Dependency Management in .Net: Offline Dependencies with NuGet Command Line Tool

Today I stumbled upon Scott Haselman’s post: How to access NuGet when is down (or you’re on a plane) in which Scott discusses how he recovered from an issue with the site being down during his demo at the Dallas Day of .Net.   As it turns out, while NuGet stores packages it downloads in a local Cache folder within your AppData folder, it doesn’t actually use this cache by default.  Scott was able to remedy the situation by adding his local cache as a source through the the Visual Studio Package Manager plugin.

Last year, I wrote about my philosophy for dependency management and  how I use NuGet to facilitate dependency management without using the Visual Studio plugin wherein I discuss using the NuGet.exe command line tool to manage .Net dependencies as part of my rake build.  After reading Scott’s post, I got to wondering whether the NuGet.exe command line tool also had the same caching issue and after a bit of testing I discovered that it does.  Since I, with the help of a former colleague, Josh Bush, have evolved the solution I wrote about previously a bit, I thought I’d provide an update to my approach which includes the caching fix.

As discussed in my previous article, I maintain a packages.rb file which serves as a central manifest of all the dependencies used project wide.  Here’s one from a recent project:

packages = [
[ "Machine.Specifications", "" ],
[ "ExpectedObjects", "" ],
[ "Moq", "4.0.10827" ],
[ "RabbitMQ.Client", "2.7.1" ],
[ "log4net", "1.2.11" ]

configatron.packages = packages


This is sourced by a rakefile which which is used by a task which installs any packages not already installed.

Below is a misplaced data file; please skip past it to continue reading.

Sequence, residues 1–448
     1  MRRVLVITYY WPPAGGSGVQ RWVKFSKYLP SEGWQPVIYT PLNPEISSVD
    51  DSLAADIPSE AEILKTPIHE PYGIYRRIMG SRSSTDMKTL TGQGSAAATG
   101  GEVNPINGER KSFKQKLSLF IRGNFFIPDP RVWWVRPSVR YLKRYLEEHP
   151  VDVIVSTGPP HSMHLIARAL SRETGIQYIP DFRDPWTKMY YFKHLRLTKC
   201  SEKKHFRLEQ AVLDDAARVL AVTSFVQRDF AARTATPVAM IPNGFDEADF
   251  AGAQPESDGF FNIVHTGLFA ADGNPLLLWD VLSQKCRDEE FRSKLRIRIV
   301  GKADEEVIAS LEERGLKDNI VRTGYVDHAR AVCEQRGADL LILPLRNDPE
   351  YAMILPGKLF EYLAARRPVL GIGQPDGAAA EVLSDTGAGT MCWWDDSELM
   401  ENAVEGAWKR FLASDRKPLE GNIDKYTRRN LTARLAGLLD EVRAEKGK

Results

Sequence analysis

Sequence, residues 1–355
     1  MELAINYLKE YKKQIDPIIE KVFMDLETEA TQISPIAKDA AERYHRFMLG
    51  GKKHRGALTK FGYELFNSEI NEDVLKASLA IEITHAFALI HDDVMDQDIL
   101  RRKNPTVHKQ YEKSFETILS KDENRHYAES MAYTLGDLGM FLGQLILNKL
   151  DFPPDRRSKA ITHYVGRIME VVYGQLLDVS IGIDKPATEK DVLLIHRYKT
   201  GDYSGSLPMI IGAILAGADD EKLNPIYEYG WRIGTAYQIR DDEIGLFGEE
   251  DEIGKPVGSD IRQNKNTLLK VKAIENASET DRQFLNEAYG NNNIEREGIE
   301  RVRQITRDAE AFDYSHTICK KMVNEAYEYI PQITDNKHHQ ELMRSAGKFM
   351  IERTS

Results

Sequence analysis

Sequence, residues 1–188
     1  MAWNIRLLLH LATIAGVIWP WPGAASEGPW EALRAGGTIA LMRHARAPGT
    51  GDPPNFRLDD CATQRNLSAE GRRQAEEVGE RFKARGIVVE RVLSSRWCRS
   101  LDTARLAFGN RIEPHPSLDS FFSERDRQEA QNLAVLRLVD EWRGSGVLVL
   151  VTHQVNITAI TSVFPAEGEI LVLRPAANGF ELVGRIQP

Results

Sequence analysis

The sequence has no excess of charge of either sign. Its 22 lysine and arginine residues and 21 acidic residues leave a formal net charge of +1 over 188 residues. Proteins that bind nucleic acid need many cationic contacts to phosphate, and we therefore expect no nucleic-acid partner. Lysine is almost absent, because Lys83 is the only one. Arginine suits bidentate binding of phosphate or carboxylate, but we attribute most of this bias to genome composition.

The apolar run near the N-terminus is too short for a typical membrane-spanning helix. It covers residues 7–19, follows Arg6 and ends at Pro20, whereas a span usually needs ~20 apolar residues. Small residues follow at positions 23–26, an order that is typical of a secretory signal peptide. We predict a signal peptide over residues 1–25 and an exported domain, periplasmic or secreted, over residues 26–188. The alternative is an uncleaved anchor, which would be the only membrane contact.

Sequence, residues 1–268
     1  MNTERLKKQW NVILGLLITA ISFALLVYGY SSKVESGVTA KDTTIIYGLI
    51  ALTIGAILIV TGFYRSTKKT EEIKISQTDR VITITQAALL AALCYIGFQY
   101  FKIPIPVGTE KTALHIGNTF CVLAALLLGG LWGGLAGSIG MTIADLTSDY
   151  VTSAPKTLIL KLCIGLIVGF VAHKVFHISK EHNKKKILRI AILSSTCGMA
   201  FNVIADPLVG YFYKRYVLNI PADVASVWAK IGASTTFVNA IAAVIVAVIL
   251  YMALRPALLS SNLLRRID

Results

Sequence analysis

The basic template I use for my rakefile is as follows:

require 'rubygems'
require 'configatron'

NUGET_CACHE= File.join(ENV['LOCALAPPDATA'], '/NuGet/Cache/') 
FEEDS = ["http://[corporate NuGet Server]:8000", "" ]
require './packages.rb'
task :default => ["build:all"]
namespace :build do
  task :all => [:clean, :dependencies, :compile, :specs, :package] 


  task :dependencies do
    feeds = {|x|"-Source " + x }.join(' ')
    configatron.packages.each do | name,version |
      feeds = "-Source #{NUGET_CACHE} " + feeds unless !version
        packageExists ="#{LIB_PATH}/#{name}")
        versionInfo="#{LIB_PATH}/#{name}/" if File.exists?(versionInfo)
        if(!packageExists or !version or !versionInfo or currentVersion != version) then
          versionArg = "-Version #{version}" unless !version
          sh "nuget Install #{name} #{versionArg} -o #{LIB_PATH} #{feeds} -ExcludeVersion" do | ok, results |
  , 'w') {|f| f.write(version) } unless !ok


This version defines a NUGET_CACHE variable which points to the local cache.  In the dependencies task, I join all the feeds into a list of Sources for NuGet to check.  I leave out the NUGET_CACHE until I know whether or not a particular package specifies a version number. Otherwise, NuGet would simply check for the latest version which exists within the local cache.

To avoid having to change Visual Studio project references every time I update to a later version of a dependency, I use the –ExcludeVersion option.  This means I can’t rely upon the folder name to determine whether the latest version is already installed, so I’ve introduced a file.  I imagine this is quite a bit faster than allowing NuGet to determine whether the latest version is installed, but I actually do this for a different reason.  If you tell NuGet to install a package into a folder without including the version number as part of the folder and you already have the specified version, it uninstalls and reinstalls the package.  Without checking the presence of the correct version beforehand, NuGet would simply reinstall everything every time.

Granted, this rake task is far nastier than it needs to be.  It should really only have to be this:

task :dependencies do
    nuget.exe install depedencyManifest.txt –o lib


Where the dependencyManifest file might look a little more like this:

Moq 4.0.10827
RabbitMQ.Client 2.7.1
log4net 1.2.11


Nevertheless, I’ve been able to coerce the tool into doing what I want for the most part and it all works swimmingly once you get it set up.

RabbitMQ for Windows: Building Your First Application